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Ranjit Singh, Niranjan Singh and Karam Singh Vs. Popat Rambaji Sonavane and ors. - Court Judgment

LegalCrystal Citation
SubjectCriminal
CourtSupreme Court of India
Decided On
Case NumberTransfer Petition No. 102 of 1982
Judge
Reported inAIR1983SC292; 1983CriLJ437; 1983(1)Crimes623(SC); 1983(1)SCALE97; (1983)1SCC298
ActsIndian Penal Code (IPC) - Sections 341, 395, 504 and 506
AppellantRanjit Singh, Niranjan Singh and Karam Singh;popat Rambhaji Sonavane and ors.
RespondentPopat Rambaji Sonavane and ors.;state of Maharashtra and anr.
Excerpt:
.....730 and sewpujanrai indrasanrai ltd. v. the collector of customs, [1959] s.c.r. 821, explained. an examination of the entire scheme of the sea customs act leaves no manner of doubt that the customs authorities act as judicial tribunals so far as offences under s. 167 of the act are concerned. the word 'prosecuted' used in art. 20(2) of the constitution is comprehensive enough to include a prosecution before an authority other than a magistrate or a criminal court, and the offences described in s. 167 of the sea customs act are offences within the meaning of the general clauses act and the indian penal code and the penalties prescribed therefor are nothing but punishments inflicted for those offences either by the customs authorities or the magistrate. the question of the identity of..........23, 1981, the petitioner filed a private complaint in the court of judicial magistrate. the learned magistrate took cognizance and held a preliminary enquiry. the petitioner examined 4 witnesses and thereafter the learned magistrate framed a charge against the respondents for having committed offences under sections 395, 341, 504 and 506, i.p.c. the learned magistrate committed the case to the court of sessions which is numbered a sessions case no. 137 of 1982.3. it is alleged that two of the respondents are relations of the local police officers and because of an incident in the town of ahmednagar in which the brother of the petitioners was murdered, the entire police force of maharashtra has become inimical to the petitioner. the petitioner says that he was forced to shift to.....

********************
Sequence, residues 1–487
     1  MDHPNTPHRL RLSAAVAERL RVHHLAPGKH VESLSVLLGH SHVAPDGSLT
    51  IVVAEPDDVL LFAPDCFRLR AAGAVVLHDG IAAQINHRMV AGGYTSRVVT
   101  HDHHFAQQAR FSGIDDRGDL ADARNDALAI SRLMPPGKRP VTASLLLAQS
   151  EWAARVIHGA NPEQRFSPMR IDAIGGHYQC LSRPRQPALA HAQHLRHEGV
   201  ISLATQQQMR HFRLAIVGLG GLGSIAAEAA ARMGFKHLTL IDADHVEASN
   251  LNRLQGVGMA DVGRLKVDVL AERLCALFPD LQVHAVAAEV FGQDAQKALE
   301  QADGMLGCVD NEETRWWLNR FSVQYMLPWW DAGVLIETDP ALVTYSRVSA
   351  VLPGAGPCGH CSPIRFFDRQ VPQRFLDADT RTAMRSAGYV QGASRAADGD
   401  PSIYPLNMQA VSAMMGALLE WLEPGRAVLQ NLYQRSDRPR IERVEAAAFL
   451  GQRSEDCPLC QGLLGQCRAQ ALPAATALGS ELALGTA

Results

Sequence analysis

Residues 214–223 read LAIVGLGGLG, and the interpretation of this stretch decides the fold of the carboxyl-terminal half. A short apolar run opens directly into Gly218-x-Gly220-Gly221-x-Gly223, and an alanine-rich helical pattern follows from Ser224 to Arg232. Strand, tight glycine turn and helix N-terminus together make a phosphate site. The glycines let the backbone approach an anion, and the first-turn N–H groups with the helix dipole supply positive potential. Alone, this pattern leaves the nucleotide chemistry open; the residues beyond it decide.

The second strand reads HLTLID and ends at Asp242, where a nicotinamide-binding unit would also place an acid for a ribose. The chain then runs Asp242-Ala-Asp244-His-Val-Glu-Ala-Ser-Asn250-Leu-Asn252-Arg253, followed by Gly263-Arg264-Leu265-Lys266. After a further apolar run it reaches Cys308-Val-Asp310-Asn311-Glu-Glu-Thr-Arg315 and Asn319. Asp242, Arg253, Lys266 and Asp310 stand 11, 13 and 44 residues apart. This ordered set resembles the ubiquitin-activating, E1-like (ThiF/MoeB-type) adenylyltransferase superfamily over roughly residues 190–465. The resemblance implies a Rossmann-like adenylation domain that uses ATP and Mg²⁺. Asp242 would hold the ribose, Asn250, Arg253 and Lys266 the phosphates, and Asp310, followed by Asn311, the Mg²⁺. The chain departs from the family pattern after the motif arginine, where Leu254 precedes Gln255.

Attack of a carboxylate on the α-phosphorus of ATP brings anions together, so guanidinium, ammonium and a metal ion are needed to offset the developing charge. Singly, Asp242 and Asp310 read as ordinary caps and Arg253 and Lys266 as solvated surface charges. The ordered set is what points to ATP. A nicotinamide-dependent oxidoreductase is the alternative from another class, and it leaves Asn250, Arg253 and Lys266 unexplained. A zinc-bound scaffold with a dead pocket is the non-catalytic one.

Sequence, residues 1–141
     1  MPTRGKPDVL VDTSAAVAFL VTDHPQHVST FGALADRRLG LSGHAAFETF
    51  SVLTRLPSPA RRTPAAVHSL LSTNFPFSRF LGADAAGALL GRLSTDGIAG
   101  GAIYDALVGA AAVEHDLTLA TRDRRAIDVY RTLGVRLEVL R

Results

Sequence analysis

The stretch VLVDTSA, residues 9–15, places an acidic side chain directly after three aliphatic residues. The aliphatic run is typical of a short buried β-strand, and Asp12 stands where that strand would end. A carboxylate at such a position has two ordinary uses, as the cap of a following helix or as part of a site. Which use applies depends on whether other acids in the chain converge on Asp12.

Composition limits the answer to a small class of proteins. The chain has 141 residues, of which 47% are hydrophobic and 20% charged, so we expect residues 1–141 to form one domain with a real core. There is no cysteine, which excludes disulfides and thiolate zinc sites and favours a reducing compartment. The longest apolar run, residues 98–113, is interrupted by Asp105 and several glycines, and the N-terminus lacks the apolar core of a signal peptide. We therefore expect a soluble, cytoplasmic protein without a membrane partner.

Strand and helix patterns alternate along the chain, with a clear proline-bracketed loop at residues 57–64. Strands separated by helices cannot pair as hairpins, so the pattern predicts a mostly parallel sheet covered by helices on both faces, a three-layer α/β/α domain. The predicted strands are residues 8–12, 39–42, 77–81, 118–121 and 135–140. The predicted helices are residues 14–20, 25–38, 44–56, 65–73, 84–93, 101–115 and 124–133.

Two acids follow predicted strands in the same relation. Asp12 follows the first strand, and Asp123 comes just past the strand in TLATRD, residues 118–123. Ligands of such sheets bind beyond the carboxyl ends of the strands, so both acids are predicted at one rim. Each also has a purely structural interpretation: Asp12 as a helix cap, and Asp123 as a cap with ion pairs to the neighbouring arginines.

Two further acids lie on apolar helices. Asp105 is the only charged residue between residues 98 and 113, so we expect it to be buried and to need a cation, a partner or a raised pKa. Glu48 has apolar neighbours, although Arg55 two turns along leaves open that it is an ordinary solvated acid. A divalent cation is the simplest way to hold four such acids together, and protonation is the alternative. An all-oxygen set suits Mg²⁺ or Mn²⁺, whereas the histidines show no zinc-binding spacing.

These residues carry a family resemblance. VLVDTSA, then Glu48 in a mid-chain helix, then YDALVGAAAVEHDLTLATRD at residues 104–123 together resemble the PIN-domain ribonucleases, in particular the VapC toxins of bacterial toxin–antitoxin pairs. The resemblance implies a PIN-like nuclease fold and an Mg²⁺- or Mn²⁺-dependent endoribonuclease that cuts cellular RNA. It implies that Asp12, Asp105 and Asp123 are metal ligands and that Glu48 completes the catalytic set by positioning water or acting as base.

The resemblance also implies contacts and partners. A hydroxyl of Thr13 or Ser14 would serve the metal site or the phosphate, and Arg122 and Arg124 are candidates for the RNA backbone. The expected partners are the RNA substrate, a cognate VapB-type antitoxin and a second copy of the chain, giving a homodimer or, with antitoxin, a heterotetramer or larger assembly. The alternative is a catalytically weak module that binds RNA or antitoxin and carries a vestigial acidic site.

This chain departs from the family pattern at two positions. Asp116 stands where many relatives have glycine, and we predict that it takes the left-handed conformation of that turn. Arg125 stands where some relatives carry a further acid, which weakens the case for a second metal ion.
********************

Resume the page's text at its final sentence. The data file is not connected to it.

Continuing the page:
Judgment:
ORDER

1. By this petition the petitioners seek transfer of Sessions Case No. 137 of 1982 pending with Additional Sessions Court No. 5, Pune to any other Court competent to try the same at Indore in the State of Madhya Pradesh.

2. On a complaint filed by petitioner Ranjit Singh respondents 1 to 9 are being prosecuted for having committed offences under Sections 395 and 506 of the Indian Penal Code. It is alleged that on November 19, 1981 at about 8.00 p.m. when the petitioner was proceeding towards his house, respondents Nos. 1 to 9 surrounded him, abused and threatenedto kill him and he was robbed of a golden chain and an amount of Rs. 500/-. The petitioner went to lodge the first information report to the police chowki, but the police declined to accept the information and take follow-up action. Therefore, on November 23, 1981, the petitioner filed a private complaint in the Court of Judicial Magistrate. The learned Magistrate took cognizance and held a preliminary enquiry. The petitioner examined 4 witnesses and thereafter the learned Magistrate framed a charge against the respondents for having committed offences under Sections 395, 341, 504 and 506, I.P.C. The learned Magistrate committed the case to the Court of Sessions which is numbered a Sessions Case No. 137 of 1982.